Sunday, November 30, 2008

Fire Salamander - Vrsac Hills

I was just looking through some snapshots I took in Serbia recently and I found this one of a Fire Salamander Salamandra salamandra. It was crawling across a forest road in the Vrsac Hills (Vrsacki breg) as they often do just after a downpour. This is classic individual, black with bold yellow markings, which is typical for the Carpathians and its foothills. In some other parts of Europe these placids little creatures can be almost all yellow, more orange and sometimes striped rather than blotched.

Thursday, November 27, 2008

Eastern European Bird Tours in 2009

I have been asked by some of you good folks out there to add Poland and Serbia to the destinations that I will guide on private tours next year. So here is the final list of budget birding tours for 2009.
HUNGARY 19 - 22 February, 2009. Winter Break: Geese, Raptors, Wallcreeper....
SLOVAKIA 22 - 28 March, 2009. Forests: Woodpeckers, Owls, Hazel Grouse....
HUNGARY 27 - 30 August, 2009. Birds & Butterflies: an easy wildlife break
BULGARIA 19 - 26 September, 2009. Black Sea Migration, Raptors and residents...
POLAND 2 - 8 November, 2009. Birds & Mammals in the Carpthians: tracking and trekking...
SERBIA 19 - 22 November, 2009. The World's Biggest Long-eared Owl roosts and more...
I hope there is something of interest to you here! Costs and detailed itineraries will be sent to those requesting them.

Wednesday, November 26, 2008

Lesser Mole Rats in Serbia

The Lesser Mole Rat Nanospalax leucodon is one of Europe's most mysterious mammals. It is not related to true moles. But this blind, subterranean animal is under threat. It is often regarded as an agricultural pest and its steppe and grassland habitat has for centuries been ploughed up and/or planted with forest. Today it is mainly restricted to lowlands in Hungary, Romania and Serbia. Once again, Eastern Europe is the stronghold of a rare European species. This photo (taken last week) shows a fresh earth-mound (with a mobile phone for size comparison) in the Subotica Sandlands, northern Serbia. These mounds, created when the mole rats throw up earth after digging their tunnels, can be 4 times bigger than mole-hills. Such mounds often run in lines but are also sometimes in clusters. A few days later we found many such mounds at Deliblato Sands a few hours to the south. It seems to be common in that area and indeed lowland Serbia may well be Europe's stronghold for this endangered species.

Monday, November 24, 2008

More about Serbia

I have lots to tell you about my recent trip to Serbia... One of the most impressive things that I noticed last week was the dedication and expertise of the local birders and conservationists that I met. Really good folks who made me very welcome and took me to some special wildlife habitats. Nothing was too much trouble for them. And some of them told me that they were very pleased to see me there as they felt that many "western" birders (and even conservation organisations) neglect or even ignore them. Nevertheless, there is lots going on, but funding is scarce and outside help often lacking. One exception was at the Lake Ludas reserve (Ludasko Jezero) near Subotica, where an EU funded cross-border cooperation between Serbia and Hungary is working well. There is a brand new visitor centre there and board-walks, information boards, nature trails and hides are being implemented so that visitors (local birders, foreign visitors and school children) can get closer to the masses of wetland species that breed or pass through the reserve.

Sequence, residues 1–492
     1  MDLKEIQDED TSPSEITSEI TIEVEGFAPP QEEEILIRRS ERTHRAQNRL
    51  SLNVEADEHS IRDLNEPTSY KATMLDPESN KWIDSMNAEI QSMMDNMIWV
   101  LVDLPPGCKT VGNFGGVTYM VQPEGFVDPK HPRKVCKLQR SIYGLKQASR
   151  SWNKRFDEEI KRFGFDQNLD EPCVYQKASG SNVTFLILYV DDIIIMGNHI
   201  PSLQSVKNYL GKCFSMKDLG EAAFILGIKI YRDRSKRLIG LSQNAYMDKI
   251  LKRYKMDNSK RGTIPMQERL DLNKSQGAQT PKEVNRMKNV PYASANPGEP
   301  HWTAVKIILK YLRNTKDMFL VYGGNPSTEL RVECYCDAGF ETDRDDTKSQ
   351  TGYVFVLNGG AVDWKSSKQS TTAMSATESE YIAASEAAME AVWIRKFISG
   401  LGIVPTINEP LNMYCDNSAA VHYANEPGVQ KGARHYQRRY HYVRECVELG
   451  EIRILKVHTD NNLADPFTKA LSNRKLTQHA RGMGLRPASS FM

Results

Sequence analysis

Saturday, November 22, 2008

Serbia's Long-eared Owl Roosts

I thought I had seen just about everything there was to see in the bird and birding world of Eastern Europe, but a few days ago I was shown something quite amazing. I was taken to several Long-eared Owl roosts in the Banat region of NE Serbia and it was unbelievable. Almost every village there seems to be home to wintering owls, which are packed into clumps of trees in parks, gardens, church yards and along high streets. One tree in a quiet village near the Romanian border held around 80 birds! The surrounding trees held between 10 to 50 each. There must have been about 300 owls in that street! Here are some facts: There are over 400 known Long-eared Owl roosts in northern Serbia. The average roost has 50 birds, many are 250 birds strong and some number over 400. Single trees average 25 birds. The roosts develop in October and numbers build up through the winter before the owls leave finally in March. All in all, northern Serbia is the world's most important wintering area for Long-eared Owls. It is a sight that all birders should see with great photographic opportunities, and I intend to organise a few trips there for this. The photo here is not the best, just a quick one taken on a small camera, but it does offers a snapshot of one of the owl-filled trees.

Friday, November 21, 2008

In Serbia

I am having a great time in Serbia. I have visited some superb sites and seen some very good birds. So far I have been to Lakes Palic, Ludas, and Rusanda, the huge wetland reserve of Carska Bara (3 White-tailed Eagles and 5000+ Greater White-fronted Geese here), seen 16 Great Bustards (a really rare bird here) near the Romanian border and been taken to several MASSIVE Long-eared Owl roosts (that is, over 100 birds in each... more on that later!). Today we explored the Vrsac Hills (but we got rained off). I am VERY impressed with the local birders I have met, they are totally devoted to protecting the special birds and wildlife habitats that Serbia has. I have promised myself that I am going to coorperate with and support these dedicated people in the coming months and years. More later...